Steroid Medications in general will decrease out body's immunity. This is more pronounced with Oral Steroid Medications, but can also occur with injectable ones. Patients who have a series of ESI injections and those who already have a poor immune system are at higher risks of developing an infection.

7. Adrenal Suppression

The body has many ways to regulate our Hormones. In order to do so, we have "sensors" which constantly measure how much of each Hormone is present in our blood stream. So, when these "sensors" notice that more steroid is circulating in the body, they will tell our own steroid-producing glands to lower the amount of steroid they are producing. This is called "Adrenal Suppression". This is thought to happen in 0.01% (1 in 10,000) of patients and typically resolved in 2-4 weeks after the Injection. Patients who receive very high doses of Steroids or have a large number of ESIs over a short period of time are at a higher risk. For this reason, it is generally not recommended for patients to have more than 3 ESIs per year.

8. Increase in Blood Sugar

This is primarily an issue for diabetic or borderline diabetic patients. Patients with poor Diabetic control and those who receive large doses of Steroids can experience very significant increases in Blood Sugar Readings. In one study, patients experienced an average rise in Blood Sugar from 160 to 285 mg/dL immediately after the Injection. This rise in Blood Sugar typically resolves over 2 days. As a result, Diabetic patients have to take frequent Blood Sugar Readings and potentially adjust their Diabetic Medications following an ESI. Patients should also have a Blood Sugar reading right before the ESI.

9. Postdural Puncture Headache (PDPH)

This type of Headache can happen when the Epidural Needle travels deeper than the Epidural Space and punctures the lining of the Spine Fluid Sac (dura). If some of the Spinal Fluid leaks from the dural sac, a Headache can occur. Statistically a PDPH happens in up to 7% of ESIs. This type of Headache can be very severe and incapacitating. 90% of PDPHs resolve over 10 days. Severe forms of this Headache can be successfully treated and stopped with a procedure called an Epidural Blood Patch.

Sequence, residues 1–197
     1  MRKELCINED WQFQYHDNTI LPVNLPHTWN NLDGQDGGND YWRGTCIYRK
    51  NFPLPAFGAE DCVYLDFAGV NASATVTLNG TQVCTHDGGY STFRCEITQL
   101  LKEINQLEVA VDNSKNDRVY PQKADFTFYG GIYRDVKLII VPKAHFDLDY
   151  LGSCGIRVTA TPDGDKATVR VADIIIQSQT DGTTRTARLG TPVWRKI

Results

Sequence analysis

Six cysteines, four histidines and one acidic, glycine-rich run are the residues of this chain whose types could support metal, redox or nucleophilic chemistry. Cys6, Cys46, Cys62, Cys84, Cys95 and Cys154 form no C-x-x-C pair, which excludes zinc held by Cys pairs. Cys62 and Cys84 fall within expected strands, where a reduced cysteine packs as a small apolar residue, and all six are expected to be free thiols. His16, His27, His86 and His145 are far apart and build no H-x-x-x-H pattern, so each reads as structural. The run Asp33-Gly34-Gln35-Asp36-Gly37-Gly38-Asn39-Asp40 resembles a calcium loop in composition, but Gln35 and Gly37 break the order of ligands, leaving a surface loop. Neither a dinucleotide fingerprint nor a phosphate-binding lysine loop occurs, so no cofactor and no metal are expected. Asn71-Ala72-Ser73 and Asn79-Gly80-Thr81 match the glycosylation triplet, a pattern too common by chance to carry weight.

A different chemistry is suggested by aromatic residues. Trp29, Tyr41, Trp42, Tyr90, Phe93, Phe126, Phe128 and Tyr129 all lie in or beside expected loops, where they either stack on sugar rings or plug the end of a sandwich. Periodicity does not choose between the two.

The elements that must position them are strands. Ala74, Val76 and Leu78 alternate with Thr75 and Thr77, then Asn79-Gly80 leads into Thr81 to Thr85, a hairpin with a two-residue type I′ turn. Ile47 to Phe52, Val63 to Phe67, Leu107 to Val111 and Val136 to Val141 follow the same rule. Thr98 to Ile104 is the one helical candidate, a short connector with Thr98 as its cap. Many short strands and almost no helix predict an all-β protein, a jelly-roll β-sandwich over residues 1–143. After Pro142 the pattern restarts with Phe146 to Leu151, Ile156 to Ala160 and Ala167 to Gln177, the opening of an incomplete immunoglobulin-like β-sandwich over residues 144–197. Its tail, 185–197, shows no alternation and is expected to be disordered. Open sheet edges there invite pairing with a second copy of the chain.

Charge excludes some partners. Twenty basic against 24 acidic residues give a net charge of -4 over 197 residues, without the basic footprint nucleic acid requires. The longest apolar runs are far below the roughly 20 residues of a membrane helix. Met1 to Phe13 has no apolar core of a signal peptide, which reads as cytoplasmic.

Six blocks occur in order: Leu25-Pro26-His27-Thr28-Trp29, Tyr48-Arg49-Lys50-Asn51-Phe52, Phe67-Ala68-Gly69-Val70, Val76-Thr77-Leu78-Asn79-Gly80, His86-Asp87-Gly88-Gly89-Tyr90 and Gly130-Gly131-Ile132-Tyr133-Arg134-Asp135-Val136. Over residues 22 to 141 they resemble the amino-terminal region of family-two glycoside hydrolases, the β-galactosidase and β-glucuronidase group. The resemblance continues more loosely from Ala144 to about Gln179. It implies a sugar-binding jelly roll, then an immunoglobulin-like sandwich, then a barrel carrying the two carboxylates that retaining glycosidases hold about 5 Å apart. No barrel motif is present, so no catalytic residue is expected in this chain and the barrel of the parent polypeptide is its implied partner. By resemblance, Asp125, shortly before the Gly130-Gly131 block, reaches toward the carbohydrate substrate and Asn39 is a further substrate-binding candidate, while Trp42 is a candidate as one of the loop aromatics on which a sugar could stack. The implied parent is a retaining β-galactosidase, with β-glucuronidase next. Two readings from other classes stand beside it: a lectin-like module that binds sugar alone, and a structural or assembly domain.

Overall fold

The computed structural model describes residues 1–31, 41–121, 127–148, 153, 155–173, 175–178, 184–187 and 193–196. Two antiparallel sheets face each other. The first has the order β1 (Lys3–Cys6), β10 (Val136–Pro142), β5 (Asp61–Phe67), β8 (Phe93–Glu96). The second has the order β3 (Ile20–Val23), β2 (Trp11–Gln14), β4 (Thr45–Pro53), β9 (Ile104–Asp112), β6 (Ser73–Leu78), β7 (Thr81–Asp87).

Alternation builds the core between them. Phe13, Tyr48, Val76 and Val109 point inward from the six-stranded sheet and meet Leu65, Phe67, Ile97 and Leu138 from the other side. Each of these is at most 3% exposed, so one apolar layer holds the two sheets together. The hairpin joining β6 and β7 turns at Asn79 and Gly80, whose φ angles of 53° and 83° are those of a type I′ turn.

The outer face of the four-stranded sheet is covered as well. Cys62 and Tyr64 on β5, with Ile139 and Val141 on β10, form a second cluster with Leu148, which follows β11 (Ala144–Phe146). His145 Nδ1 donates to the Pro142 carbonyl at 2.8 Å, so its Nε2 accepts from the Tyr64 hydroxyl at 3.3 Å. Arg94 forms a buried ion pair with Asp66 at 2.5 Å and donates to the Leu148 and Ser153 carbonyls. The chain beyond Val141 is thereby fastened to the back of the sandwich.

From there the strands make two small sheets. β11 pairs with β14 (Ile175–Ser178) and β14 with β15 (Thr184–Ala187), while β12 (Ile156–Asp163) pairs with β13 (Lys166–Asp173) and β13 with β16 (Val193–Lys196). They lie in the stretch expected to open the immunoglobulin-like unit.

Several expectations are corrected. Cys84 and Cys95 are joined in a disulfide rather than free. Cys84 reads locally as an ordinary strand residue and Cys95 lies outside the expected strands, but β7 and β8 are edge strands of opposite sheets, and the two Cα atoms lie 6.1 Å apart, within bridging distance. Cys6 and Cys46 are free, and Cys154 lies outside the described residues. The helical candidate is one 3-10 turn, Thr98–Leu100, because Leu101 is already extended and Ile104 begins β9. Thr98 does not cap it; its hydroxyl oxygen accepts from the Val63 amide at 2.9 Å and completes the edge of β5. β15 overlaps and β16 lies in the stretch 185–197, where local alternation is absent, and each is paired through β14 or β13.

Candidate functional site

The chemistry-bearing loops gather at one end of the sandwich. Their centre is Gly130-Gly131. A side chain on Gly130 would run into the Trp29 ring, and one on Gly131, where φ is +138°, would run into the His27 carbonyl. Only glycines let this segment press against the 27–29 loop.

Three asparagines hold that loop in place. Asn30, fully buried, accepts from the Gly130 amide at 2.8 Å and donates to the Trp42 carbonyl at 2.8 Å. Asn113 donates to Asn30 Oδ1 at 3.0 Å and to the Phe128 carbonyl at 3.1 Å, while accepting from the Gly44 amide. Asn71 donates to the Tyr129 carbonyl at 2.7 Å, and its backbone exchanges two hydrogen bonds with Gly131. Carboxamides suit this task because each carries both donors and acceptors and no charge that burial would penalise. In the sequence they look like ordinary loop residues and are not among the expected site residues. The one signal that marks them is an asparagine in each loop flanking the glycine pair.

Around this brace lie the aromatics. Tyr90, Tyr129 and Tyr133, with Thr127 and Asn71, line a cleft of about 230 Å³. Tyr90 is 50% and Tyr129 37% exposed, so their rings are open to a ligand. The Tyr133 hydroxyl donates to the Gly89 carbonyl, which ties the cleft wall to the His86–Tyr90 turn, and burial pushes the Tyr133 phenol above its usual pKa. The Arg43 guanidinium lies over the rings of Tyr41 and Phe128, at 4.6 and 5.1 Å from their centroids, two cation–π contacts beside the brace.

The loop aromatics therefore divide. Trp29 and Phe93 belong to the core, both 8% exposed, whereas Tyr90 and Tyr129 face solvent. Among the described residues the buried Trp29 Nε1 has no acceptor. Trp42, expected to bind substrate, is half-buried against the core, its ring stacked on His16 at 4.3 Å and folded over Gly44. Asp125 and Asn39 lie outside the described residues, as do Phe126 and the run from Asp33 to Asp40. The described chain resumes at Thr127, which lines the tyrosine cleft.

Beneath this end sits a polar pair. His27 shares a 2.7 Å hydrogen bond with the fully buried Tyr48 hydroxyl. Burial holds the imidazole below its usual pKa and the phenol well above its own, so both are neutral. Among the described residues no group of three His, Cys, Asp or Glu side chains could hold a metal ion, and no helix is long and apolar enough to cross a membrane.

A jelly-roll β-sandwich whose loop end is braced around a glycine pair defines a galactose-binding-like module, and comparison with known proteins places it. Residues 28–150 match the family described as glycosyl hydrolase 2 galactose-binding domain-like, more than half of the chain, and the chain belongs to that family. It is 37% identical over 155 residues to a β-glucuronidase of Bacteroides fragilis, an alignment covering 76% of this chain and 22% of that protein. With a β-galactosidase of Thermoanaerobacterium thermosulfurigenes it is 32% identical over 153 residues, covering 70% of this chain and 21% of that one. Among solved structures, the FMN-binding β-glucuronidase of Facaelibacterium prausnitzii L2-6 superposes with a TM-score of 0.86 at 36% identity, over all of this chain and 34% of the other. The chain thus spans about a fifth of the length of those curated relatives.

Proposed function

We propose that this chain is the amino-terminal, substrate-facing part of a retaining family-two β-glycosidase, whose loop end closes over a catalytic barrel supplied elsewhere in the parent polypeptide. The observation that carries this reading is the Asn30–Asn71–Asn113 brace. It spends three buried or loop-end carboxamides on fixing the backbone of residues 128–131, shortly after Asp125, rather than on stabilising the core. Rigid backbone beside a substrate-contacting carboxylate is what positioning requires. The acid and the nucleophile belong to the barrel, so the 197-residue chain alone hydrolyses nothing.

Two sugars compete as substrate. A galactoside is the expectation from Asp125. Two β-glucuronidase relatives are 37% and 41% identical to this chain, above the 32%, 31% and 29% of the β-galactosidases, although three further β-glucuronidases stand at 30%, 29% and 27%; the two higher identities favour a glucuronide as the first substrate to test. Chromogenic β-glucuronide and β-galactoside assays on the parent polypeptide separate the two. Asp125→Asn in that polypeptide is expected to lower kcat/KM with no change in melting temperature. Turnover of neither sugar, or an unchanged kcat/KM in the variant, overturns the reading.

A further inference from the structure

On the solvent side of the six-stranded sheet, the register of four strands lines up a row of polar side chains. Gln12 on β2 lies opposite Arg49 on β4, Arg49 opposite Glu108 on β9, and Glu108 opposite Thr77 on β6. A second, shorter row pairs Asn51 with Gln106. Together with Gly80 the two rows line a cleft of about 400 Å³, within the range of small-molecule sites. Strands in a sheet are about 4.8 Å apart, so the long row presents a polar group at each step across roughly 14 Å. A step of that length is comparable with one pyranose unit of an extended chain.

10. Epidural Hematoma

An Epidural Hematoma is bleeding inside the Epidural Space. Apart from Spinal Nerves and Fat, the Epidural Space also contains Blood Vessels. A puncture of one of these Vessels can potentially lead to bleeding inside the Epidural Space, which can cause compression of the Spinal Nerves or Spinal Cord. While this is an extremely rare occurrence (1 in 200,000 ESIs), patients who are treated with Blood Thinners are at an elevated risk. Considering that many more patients are treated each year with Blood Thinners, the risk of Epidural Hematomas may increase over time.

11. Embolization

Embolization means that a particle travels through the body's Blood Vessels. Typically, embolization happens when blood clots travel within our body. However, some types of Steroids used for ESIs contain particles (methylprednisolone, triamcinolone) which can potentially travel to the Brain and elsewhere in the body and cause Strokes and even Deaths. The risk is higher (1 in 5000) when Steroids containing particles are used for specific Epidural Injections in the Neck (transforaminal ESI).

12. Arachnoiditis

Arachnoiditis is a chronic inflammatory condition of the bundle of Spinal Nerves within the Spinal Fluid Sac (dura). This has been reported when the Steroid is accidentally injected into the Spinal Fluid rather than the Epidural Space. The Spinal Nerves become inflamed which can cause them to "clump together". This can impair the Nerve function and lead to chronic Nerve Pain, numbness and weakness in the Legs.

13. Infection

While infections are rarely associated with ESIs, some types of infections can be devastating. Point in case are the batch of contaminated Steroids which were produced and sold by a compounding pharmacy in Massachusetts in 2012. Approximately 14,000 patients received injections from this batch of Steroids which was contaminated by a Fungus. Tragically, 48 patients died and 720 had to be chronically treated for Fungal Infections.

While this list of potential complications related to ESIs seems daunting, by and large the controversy about ESIs lies in their usefulness to treat pain, rather than the potential complication risks. However, patients must be aware of all the potential complications to allow them to make an informed decision about whether or not to pursue this elective procedure.